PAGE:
Pininfarina wind tunnel turns 50
Pininfarina is marking the 50th anniversary of its pioneering wind tunnel. Inaugurated by chairman Sergio Pininfarina in Grugliasco, Turin in 1972, it was Italy's first wind tunnel built specifically for testing full-scale cars, one of only seven in the world at the time. It made Pininfarina a leader in aerodynamic research, not just only in the automotive field, but also nautical, aerospace and industrial design.
Chairman Paolo Pininfarina said: “I am very proud for something that was born out of my father's genius. Without a doubt, Pininfarina has a real passion for aerodynamics. It all began with my grandfather Pinin, whose visionary intuition in aerodynamics is exemplified by the Lancia Aprilia Aerodinamica of 1936.” Supporting these conclusions, Pininfarina’s wind tunnel was used to measure the drag coefficient of the 1947 Cisitalia some years ago, and returned a figure of 0.37. The tunnel was initially thought of as a means of improving speed and handling, but the energy crisis of 1973 quickly confirmed the importance of aerodynamics in fuel efficiency.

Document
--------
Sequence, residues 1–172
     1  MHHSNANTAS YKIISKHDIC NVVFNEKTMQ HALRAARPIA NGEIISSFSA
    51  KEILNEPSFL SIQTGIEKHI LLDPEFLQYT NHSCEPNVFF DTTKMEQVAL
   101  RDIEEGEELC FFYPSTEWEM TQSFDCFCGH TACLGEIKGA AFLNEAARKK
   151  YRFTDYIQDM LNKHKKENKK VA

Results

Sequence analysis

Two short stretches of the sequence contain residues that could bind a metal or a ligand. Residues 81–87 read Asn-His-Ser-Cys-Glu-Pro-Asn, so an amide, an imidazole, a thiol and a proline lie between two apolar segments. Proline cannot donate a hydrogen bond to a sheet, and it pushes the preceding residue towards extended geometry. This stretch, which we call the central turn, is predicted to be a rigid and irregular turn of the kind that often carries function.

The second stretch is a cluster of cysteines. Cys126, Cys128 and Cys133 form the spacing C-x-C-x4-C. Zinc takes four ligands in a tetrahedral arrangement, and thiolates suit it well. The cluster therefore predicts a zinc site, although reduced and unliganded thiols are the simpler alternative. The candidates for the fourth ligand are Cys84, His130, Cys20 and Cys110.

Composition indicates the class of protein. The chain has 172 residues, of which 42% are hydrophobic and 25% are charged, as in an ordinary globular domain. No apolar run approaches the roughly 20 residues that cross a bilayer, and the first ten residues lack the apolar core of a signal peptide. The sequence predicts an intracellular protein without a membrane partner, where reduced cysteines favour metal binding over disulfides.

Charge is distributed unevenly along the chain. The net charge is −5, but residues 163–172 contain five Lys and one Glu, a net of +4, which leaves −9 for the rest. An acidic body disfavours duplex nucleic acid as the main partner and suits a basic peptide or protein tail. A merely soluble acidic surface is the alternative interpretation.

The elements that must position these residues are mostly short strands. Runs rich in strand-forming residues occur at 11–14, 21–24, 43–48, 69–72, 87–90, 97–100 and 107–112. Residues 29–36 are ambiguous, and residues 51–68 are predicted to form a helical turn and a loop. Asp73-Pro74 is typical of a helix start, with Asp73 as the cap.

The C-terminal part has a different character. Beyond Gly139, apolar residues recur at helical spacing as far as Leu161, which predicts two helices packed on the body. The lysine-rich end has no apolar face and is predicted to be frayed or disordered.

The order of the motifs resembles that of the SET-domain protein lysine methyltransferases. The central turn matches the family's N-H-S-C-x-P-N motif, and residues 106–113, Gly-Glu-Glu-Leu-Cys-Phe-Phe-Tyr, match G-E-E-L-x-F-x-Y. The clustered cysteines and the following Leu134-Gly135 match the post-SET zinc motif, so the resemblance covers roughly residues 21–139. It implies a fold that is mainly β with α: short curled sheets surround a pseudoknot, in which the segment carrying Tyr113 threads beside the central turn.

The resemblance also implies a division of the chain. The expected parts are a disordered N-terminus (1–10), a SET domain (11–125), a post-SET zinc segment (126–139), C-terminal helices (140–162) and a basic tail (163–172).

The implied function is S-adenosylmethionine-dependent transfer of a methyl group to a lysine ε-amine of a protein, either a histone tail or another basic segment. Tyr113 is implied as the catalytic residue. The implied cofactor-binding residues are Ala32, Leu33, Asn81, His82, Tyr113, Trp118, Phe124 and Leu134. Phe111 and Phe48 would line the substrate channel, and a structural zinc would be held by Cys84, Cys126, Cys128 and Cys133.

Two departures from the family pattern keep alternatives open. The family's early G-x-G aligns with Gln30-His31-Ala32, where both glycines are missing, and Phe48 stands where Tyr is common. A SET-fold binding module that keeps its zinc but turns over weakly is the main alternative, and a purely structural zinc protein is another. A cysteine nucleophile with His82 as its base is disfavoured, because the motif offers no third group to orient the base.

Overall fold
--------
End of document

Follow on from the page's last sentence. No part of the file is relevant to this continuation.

Among the most famous cars developed in the wind tunnel are several Ferrari Formula 1 cars, the Lancia Montecarlo Group 5 and the Lancia Rally 037. Pininfarina also tested the torch for the 2006 Turin Winter Olympic Games here.